Can mRNA vaccines be used in cancer care?

May 04, 2021 | by Edward-Elmhurst Health

We’ve all witnessed the remarkable effectiveness of messenger RNA (mRNA) vaccines against the coronavirus.

This new type of vaccine doesn’t use a weakened or dead virus to teach our cells how to fight off disease, like many vaccines do.

Instead, it contains a portion of mRNA that sends the body’s cells instructions to make a harmless piece of spike protein (the button on the surface of the coronavirus). The mRNA is quickly destroyed in the cell shortly after translation.

When human immune cells detect the spike protein, they begin mounting a defense, creating antibodies against the spike proteins until all of them have been destroyed.

Our immune system is then equipped to fight off the coronavirus if exposed, without actually having been infected.

The Pfizer-BioNtech and Moderna mRNA 1273 are mRNA vaccines.

While this coronavirus mRNA vaccine is new to us, it has been studied by scientists for decades, and was only authorized after meeting rigorous scientific standards for safety. It was able to be manufactured more quickly than previous vaccines due to a worldwide urgency to combat a global pandemic.

The mRNA technology is so promising that researchers are looking at ways to use mRNA vaccines to fight another insidious human enemy: cancer.

Scientists have already used mRNA to teach the immune system to target certain cancer cells.

Cancer immunotherapies aim to help the immune system fight off cancer cells, just like it would attack intruders like viruses.

The immune system has a more difficult time fighting off cancer cells because cancer starts in normal, healthy cells and don’t always appear to be obviously foreign.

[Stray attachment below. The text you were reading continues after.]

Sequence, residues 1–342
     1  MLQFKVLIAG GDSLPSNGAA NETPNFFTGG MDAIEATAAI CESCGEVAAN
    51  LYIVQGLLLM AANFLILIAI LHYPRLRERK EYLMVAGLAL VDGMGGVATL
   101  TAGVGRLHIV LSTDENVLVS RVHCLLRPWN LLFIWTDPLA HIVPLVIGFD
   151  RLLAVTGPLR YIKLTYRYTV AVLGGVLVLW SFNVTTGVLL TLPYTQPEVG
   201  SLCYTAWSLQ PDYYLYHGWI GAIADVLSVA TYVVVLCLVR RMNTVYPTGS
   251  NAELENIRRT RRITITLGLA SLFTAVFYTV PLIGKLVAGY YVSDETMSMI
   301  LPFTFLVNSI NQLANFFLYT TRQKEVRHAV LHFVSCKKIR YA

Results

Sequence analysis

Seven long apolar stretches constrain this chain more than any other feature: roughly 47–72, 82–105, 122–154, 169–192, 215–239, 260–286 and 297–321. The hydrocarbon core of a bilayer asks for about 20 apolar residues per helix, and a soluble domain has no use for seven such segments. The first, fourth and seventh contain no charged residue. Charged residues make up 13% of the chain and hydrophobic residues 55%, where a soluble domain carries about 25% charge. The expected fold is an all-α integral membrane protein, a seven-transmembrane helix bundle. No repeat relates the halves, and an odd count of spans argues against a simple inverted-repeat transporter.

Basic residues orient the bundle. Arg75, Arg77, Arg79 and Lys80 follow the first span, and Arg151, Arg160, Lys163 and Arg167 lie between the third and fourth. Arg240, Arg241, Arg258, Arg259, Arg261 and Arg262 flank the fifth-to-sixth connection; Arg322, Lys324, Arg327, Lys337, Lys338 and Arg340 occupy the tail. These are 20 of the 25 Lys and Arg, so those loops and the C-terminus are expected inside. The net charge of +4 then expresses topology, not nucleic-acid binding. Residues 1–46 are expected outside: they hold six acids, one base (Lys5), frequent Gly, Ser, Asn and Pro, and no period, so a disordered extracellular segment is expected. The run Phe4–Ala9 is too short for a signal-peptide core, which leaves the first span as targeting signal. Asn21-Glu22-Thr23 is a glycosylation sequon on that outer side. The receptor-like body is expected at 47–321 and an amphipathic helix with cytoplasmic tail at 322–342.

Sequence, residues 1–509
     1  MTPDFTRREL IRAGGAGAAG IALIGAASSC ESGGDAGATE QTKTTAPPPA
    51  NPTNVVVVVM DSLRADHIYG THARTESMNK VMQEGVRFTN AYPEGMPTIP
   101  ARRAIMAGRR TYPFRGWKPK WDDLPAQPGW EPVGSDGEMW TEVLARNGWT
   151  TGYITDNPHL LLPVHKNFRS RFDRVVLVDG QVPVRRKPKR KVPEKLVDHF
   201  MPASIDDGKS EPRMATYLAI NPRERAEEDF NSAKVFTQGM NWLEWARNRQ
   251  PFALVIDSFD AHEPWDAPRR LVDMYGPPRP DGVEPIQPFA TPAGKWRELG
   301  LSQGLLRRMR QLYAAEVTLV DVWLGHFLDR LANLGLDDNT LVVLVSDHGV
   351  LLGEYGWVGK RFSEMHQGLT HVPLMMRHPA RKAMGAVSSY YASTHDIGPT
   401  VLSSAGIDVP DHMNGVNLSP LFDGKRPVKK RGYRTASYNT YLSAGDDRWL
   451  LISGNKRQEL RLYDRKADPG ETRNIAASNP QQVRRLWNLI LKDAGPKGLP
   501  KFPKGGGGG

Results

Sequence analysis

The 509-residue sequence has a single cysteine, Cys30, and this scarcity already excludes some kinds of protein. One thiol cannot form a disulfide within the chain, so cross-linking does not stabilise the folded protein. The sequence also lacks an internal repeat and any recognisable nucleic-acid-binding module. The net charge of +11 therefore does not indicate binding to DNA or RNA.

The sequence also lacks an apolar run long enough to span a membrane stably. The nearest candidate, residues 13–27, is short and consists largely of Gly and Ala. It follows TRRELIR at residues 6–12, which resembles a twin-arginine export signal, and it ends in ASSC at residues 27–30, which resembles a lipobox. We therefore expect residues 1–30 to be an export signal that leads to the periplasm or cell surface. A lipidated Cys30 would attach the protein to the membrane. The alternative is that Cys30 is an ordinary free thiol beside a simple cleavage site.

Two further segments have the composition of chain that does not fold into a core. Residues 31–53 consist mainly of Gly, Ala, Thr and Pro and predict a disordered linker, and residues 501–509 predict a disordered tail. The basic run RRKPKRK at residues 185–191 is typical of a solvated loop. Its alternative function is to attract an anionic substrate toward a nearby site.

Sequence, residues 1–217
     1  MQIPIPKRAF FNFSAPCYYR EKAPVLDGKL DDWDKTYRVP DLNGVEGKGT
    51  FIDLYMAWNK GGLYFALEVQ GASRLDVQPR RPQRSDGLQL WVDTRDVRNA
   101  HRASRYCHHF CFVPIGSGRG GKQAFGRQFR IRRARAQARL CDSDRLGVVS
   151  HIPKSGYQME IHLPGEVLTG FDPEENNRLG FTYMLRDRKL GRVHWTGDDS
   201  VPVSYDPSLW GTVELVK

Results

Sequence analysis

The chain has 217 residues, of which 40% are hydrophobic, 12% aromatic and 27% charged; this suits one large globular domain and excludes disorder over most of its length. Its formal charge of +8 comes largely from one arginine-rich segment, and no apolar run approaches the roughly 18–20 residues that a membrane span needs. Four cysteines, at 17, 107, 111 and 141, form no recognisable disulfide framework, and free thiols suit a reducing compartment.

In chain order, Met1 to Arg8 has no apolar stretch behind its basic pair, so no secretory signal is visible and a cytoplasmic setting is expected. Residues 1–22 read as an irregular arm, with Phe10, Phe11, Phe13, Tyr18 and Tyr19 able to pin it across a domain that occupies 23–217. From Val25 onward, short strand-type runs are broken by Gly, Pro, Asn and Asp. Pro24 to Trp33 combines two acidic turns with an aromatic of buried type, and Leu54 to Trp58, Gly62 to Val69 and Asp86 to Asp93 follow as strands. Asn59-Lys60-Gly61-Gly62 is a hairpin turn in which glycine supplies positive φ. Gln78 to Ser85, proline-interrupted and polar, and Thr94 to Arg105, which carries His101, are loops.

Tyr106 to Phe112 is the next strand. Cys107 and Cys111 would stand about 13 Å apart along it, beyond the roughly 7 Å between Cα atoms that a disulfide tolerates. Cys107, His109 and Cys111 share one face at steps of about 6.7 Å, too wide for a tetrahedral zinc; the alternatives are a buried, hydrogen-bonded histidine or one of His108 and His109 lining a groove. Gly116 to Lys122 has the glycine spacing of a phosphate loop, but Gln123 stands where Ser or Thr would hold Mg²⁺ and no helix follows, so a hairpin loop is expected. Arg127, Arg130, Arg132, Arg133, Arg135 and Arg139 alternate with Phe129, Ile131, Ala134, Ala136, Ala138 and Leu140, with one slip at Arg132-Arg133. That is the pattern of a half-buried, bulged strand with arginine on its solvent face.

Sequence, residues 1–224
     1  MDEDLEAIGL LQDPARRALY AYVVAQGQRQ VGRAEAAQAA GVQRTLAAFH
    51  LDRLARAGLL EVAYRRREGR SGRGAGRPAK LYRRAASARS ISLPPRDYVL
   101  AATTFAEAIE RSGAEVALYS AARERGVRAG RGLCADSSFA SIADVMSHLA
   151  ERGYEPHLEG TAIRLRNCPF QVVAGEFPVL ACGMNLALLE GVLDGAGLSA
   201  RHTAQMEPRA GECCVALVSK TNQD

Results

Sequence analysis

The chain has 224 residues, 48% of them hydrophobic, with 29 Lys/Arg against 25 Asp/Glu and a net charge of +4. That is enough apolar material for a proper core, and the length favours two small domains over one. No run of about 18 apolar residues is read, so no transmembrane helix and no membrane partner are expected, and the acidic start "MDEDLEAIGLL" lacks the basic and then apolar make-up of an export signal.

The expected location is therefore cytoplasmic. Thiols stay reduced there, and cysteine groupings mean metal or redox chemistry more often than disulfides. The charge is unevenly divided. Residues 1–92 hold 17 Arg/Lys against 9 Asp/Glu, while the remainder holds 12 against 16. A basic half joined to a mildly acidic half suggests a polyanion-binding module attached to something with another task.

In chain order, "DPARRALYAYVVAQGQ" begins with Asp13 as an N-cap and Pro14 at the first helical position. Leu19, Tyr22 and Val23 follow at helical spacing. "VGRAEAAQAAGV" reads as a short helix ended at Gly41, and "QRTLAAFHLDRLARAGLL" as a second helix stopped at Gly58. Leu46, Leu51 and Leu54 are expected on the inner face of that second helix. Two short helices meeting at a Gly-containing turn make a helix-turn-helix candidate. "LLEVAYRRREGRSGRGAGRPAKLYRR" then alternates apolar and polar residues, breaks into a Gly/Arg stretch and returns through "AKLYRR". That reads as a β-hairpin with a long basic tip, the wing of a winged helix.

Though not as widely used as chemotherapy, radiation or surgery, immunotherapy has been approved to treat many types of cancer. Typically given intravenously (through an IV), orally, as a topical cream or through a catheter, the main types of immunotherapy now being used to treat cancer include:

  • Monoclonal antibodies. These are man-made versions of immune system proteins. Antibodies can be very useful in treating cancer because they can be designed to attack a very specific part of a cancer cell.
  • Immune checkpoint inhibitors. These drugs basically take the ‘brakes’ off the immune system, which helps it recognize and attack cancer cells.
  • Cancer vaccines. Vaccines are substances put into the body to start an immune response against certain diseases. Scientists are working on ways to engineer mRNA vaccines to fight specific cancers.
  • Non-specific immunotherapies. These treatments boost the immune system in a general way but can still help the immune system attack cancer cells.

Scientists continue to study mRNA treatments for several types of cancer.

Since the coronavirus mRNA vaccine was developed so quickly, how long will it take to develop a vaccine for cancer? It could be a while longer, though experts say the widespread success of the coronavirus vaccine will help move research and development forward more quickly.

This blog was reviewed by Alexander Hantel, M.D., a medical oncologist and System Medical Director at Edward-Elmhurst Health.

Learn more about cancer services at Edward-Elmhurst Health.

For the latest updates on the COVID-19 vaccine, please check

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The information in this article may change at any time due to the changing landscape of this pandemic. Read the latest on COVID-19.

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